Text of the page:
A year after stepping down as chief justice of the Supreme Judicial Court, Margaret H. Marshall is returning to private practice in Boston as senior counsel at Choate Hall & Stewart.
Marshall, who wrote the landmark 2003 decision that made Massachusetts the first state to legalize gay marriage, will work part time beginning this week. The schedule allows her to continue to spend time with her husband, former New York Times columnist Anthony Lewis, who has Parkinson’s disease.
Marshall, 67, who served as chief justice from 1999 to 2010, will focus on the firm’s community outreach, pro bono, and diversity efforts, as well as provide counsel on special projects.
“We have had a wonderful year together,’’ Marshall said of her husband, “but I have always wanted to be able to give back in some way for the enormous opportunities that this country, and this Commonwealth, and this town have given to me. But I had to do it in a way that would allow me to keep that flexibility.’’
Marshall, who lives in Cambridge and is a native of South Africa, will also teach at Harvard Law School as a senior research fellow and lecturer.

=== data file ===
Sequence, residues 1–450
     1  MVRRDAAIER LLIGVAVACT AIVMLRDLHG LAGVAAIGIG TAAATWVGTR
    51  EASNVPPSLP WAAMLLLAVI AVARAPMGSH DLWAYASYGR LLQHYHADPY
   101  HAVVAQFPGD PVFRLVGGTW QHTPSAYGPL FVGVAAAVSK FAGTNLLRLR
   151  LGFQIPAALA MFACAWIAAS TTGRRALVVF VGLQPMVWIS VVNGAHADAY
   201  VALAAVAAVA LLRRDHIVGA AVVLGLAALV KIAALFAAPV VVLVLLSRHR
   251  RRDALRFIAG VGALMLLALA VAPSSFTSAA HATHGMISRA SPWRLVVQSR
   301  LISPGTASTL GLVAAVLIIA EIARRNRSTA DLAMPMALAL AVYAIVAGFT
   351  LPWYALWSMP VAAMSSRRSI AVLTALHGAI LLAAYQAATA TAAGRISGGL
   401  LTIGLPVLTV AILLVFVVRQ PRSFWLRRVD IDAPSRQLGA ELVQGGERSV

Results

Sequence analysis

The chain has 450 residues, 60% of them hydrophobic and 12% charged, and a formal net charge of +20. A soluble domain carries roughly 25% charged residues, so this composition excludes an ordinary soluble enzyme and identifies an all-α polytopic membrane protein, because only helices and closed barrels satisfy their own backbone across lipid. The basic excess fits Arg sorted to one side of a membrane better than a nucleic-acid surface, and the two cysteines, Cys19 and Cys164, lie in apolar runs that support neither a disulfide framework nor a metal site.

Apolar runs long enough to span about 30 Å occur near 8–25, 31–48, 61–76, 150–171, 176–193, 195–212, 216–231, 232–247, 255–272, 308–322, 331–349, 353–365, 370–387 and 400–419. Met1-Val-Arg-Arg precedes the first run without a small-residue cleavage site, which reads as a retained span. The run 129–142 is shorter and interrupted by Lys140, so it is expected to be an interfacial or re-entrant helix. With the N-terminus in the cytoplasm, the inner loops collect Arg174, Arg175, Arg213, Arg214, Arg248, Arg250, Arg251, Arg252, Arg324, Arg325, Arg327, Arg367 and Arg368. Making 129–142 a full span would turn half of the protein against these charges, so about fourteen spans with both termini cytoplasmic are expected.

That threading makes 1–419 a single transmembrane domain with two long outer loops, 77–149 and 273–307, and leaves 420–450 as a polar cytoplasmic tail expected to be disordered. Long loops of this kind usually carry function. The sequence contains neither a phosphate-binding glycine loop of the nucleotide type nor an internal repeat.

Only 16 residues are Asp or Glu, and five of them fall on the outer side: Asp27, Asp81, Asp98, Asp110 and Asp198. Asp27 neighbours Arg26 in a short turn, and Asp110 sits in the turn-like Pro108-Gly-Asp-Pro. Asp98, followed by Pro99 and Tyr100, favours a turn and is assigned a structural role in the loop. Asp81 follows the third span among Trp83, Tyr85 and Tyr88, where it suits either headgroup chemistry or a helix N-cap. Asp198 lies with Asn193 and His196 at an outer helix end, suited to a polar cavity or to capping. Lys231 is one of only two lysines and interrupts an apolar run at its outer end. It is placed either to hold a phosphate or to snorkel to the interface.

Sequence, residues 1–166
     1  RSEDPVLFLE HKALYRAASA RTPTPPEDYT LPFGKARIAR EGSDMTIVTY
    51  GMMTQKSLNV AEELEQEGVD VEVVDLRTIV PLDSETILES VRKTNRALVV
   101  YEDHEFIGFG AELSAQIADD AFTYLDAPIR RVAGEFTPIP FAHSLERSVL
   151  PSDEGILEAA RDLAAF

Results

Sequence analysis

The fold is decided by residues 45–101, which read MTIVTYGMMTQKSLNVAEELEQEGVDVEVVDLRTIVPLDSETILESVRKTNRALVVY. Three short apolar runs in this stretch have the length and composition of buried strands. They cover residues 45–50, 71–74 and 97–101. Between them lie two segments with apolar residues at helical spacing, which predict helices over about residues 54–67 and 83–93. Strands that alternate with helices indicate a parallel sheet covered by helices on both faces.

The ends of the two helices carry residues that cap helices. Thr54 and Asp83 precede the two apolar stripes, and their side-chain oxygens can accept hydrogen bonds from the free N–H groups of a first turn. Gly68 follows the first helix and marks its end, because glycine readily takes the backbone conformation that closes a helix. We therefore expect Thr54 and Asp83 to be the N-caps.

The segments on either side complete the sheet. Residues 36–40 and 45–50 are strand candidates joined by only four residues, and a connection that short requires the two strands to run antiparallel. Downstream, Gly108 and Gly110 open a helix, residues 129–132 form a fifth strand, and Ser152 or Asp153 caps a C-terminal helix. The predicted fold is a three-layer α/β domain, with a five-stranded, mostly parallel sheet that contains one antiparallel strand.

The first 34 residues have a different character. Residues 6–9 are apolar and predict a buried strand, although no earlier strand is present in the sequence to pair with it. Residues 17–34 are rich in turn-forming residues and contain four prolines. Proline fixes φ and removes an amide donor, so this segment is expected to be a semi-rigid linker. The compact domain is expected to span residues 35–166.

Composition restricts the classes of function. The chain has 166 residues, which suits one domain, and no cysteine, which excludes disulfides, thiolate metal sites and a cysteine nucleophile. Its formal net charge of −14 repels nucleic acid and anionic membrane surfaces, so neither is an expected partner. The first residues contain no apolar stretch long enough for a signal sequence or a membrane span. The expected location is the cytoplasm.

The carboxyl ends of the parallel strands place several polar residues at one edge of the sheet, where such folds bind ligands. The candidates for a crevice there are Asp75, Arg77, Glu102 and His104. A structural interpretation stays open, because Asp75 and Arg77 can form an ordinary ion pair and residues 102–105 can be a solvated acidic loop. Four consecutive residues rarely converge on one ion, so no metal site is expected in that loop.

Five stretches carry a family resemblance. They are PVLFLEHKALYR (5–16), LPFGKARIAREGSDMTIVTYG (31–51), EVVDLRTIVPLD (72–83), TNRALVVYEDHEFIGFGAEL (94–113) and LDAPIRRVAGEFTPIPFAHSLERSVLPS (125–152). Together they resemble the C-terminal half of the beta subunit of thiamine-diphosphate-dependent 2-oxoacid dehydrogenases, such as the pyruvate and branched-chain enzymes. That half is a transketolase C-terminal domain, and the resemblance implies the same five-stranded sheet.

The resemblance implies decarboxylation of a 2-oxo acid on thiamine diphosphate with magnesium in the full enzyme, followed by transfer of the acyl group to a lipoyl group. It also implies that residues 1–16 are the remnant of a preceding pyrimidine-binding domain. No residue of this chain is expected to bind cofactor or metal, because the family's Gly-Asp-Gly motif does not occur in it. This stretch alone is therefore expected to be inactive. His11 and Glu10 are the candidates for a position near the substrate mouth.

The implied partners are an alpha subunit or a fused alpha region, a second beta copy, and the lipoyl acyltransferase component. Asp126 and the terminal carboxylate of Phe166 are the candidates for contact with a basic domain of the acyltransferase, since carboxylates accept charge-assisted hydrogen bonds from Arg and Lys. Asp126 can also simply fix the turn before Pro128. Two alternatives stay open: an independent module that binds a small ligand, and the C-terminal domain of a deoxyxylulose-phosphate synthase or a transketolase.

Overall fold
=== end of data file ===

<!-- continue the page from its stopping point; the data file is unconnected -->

By working at Choate Hall, Marshall will return to a firm where she was a partner before being named vice president and general counsel at Harvard in 1992.
Marshall cited the “deep friendships’’ she had made at Choate Hall and its important role in her career as factors that contributed to her decision to work in private practice.
“What I wanted to do was to leave the court with no commitments going forward, to really spend the time with Tony, and for the two of us to figure out what was and wasn’t possible,’’ Marshall said.
What became clear, she said, was her desire to remain engaged with the law provided she could fashion a flexible schedule.
Governor William F. Weld appointed Marshall to the SJC in 1996. Three years later, Governor Paul Cellucci named her the first woman to serve as Massachusetts chief justice.
Marshall wrote more than 300 opinions for the high court, including the historic case of Goodridge v. Department of Public Health, which legalized gay marriage in Massachusetts.
The 4-3 majority of SJC justices based its decision on the equal protection and due process provisions of the state Constitution.
“The Massachusetts Constitution affirms the dignity and equality of all individuals,’’ Marshall wrote. “It forbids the creation of second-class citizens.’’
Other rulings included a 2006 decision that said cigarette makers cannot defend against personal-injury lawsuits by arguing that smokers should know the health risks of cigarettes.
Marshall earned a bachelor’s degree in 1966 from the University of the Witwatersrand in Johannesburg, where she was a student leader in South Africa’s antiapartheid movement.
She received a master’s degree in education from Harvard University in 1969 and a law degree from Yale in 1976.
Brian MacQuarrie can be reached at email@example.com.